Thomas said he is excited to join the Stars, whom he sees as “a good team that I think should make that final playoff spot this year, one that has the potential to raise some eyebrows in the playoffs. To be honest with you, I haven’t watched (them) too much, (having been) in Eastern Conference, so I’ll be getting more familiar here over the next few days.”
Nill and the Stars hope that Thomas will team with Lehtonen and provide the club with a solid one-two punch between the pipes. “We’ve liked how he’s played — he’s experienced,” Nill said. “I think it is going to be good for Kari to see how he prepares and how he handles pressure. Kari is kind of growing into this role. It’s still Kari’s team, but when we have back-to-back games or four games in six nights, he knows there is somebody that can go into the net and the team is going to continue to win. That’s very important.
“I am not too worried about (the two goalies co-existing),” added Nill. “They both want to win (and for) the team to win. There will be lots of hockey, so there will be lots of net for both of them and they are both very professional. I think it is going to work out well.”
According to Stars coach Lindy Ruff, “we’ll handle them on a game to game basis based on the (20 games over the final 39 days of the season) and make sure that we’re not overplaying (Lehtonen). At the same time, I want to give Tim his opportunity to play. If he plays well, he’ll be rewarded for his play. I think in unison, with how compact the schedule is and the number of games we have to play, I think he can be a vital piece for us. I do not have a set number of games in mind, nor will I put one together. We are going to do what it takes to win, and I think that will involve both goaltenders.”
Just 24 hours previously, the Stars — pleased with how their defensive corps has played since veteran defenseman Stephane Robidas went down with a broken leg on Nov. 29 — dealt the veteran blueliner to Anaheim for a conditional fourth round pick in the 2014 NHL Entry Draft.
The 37-year old Robidas played in 24 games for Dallas this season with five points (four of them goals), but has not appeared in a game since suffering a broken leg on Nov. 29 against visiting Chicago. Robidas, who was drafted by Monteral in 1995, has appeared in 871 career NHL games (704 of them with Dallas) and accumulated 246 career points (55 goals and 191 assists).
Stars GM Jim Nill discussed the defenseman’s options after teams began to inquire as to his availability. “I respect Stephane a lot for what he has meant to the organization,” said Nill. “I told him there are some teams that are Stanley Cup contenders, they had called (about) him, and asked if he wanted to (maximize his) opportunity to win the Stanley Cup. He said he loved the guys here and didn’t want to leave them. We discussed that, and in the end he said it would be a great opportunity at his age to go win Cup. He was very appreciative.”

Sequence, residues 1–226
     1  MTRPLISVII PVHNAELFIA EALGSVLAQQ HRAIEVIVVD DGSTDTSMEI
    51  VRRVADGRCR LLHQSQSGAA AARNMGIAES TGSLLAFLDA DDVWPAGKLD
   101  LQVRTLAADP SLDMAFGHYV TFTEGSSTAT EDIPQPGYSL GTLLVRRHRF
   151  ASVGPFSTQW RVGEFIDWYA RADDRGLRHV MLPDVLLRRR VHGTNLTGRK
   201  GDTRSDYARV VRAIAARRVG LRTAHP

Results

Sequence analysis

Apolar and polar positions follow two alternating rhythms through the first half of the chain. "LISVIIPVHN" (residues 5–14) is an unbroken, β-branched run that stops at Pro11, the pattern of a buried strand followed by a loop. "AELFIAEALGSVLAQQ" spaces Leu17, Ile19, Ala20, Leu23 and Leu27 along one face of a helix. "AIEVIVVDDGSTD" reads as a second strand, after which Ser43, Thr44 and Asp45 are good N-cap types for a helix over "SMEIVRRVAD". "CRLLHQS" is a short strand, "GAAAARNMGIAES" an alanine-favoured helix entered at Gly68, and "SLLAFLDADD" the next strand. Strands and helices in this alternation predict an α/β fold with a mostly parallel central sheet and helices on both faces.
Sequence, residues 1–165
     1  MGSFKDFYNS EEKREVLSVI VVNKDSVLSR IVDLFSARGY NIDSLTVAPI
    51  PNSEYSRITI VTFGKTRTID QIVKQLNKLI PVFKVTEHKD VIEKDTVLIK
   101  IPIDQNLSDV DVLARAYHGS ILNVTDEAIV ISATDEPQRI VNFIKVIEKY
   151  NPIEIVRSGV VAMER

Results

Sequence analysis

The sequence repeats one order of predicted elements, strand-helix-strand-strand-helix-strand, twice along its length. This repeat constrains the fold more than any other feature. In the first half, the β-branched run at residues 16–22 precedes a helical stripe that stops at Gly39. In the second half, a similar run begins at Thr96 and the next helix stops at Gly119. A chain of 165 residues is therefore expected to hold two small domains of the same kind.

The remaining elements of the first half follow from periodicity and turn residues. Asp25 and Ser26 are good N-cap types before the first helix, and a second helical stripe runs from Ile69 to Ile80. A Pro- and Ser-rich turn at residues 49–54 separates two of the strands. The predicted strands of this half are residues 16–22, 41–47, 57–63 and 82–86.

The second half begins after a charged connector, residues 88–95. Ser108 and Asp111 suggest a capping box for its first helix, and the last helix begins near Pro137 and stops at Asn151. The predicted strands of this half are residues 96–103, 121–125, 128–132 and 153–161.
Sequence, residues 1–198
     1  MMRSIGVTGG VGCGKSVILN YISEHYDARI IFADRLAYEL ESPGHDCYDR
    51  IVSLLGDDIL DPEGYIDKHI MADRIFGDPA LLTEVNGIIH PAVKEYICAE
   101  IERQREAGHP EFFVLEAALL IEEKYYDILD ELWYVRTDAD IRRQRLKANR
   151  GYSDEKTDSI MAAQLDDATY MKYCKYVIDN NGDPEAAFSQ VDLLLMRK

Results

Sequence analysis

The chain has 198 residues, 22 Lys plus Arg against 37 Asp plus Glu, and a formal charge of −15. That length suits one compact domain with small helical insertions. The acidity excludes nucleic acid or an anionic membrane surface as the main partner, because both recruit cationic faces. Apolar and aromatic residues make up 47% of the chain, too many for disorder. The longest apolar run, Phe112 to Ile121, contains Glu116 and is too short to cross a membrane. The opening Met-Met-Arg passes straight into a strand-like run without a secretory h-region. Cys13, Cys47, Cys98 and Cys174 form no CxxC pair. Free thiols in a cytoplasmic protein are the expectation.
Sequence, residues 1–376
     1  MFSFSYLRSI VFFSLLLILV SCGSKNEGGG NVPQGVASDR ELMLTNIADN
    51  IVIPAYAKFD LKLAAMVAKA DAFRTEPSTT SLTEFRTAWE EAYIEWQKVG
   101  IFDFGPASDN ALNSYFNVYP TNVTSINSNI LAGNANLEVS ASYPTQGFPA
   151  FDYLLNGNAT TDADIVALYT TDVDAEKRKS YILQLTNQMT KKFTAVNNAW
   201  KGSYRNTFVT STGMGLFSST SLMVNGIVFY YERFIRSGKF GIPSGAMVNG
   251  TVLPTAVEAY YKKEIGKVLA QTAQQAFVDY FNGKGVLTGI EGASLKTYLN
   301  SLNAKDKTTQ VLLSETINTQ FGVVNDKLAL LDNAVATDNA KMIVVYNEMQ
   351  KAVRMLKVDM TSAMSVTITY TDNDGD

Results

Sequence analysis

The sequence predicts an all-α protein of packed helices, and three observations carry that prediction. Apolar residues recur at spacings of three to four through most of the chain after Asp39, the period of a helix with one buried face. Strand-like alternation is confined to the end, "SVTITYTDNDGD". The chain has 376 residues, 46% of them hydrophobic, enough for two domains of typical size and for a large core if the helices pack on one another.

The 37-year-old Robidas is in the final year of a four-year, $13.2 million contract and will be an unrestricted free agent in July, with six defenseman already under contract for the 2014-2015 campaign.
The Stars currently have seven defenseman on the NHL roster with plenty of depth at the minor league level. The Texas Stars of the American Hockey League features bluelines such as Jamie Oleksiak, Patrik Nemeth, Jyrki Jokipakka, Cameron Gaunce and Maxime Fortunus.
Team captain Jamie Benn lauded Robidas for being a key team member for many years. “I got to build a great relationship with him,” said Benn. “He was a heart-and-soul, warrior kind of guy. It’s tough to see him leave but he’s been working hard since he got injured to get back in this lineup and he’s got a good chance to make something happen here so we definitely wish him the best of luck.”
Defenseman Brenden Dillon credited Robidas with “(teaching me) how to be a professional in every aspect of life, at the rink and away from the rink. He’s a great player. His résumé speaks for itself. He’s a guy I credit a lot for helping me get to this level and do what I do at this level. He’s a great guy and he is definitely going to be missed. At the same time, I wish him all the best in Anaheim.”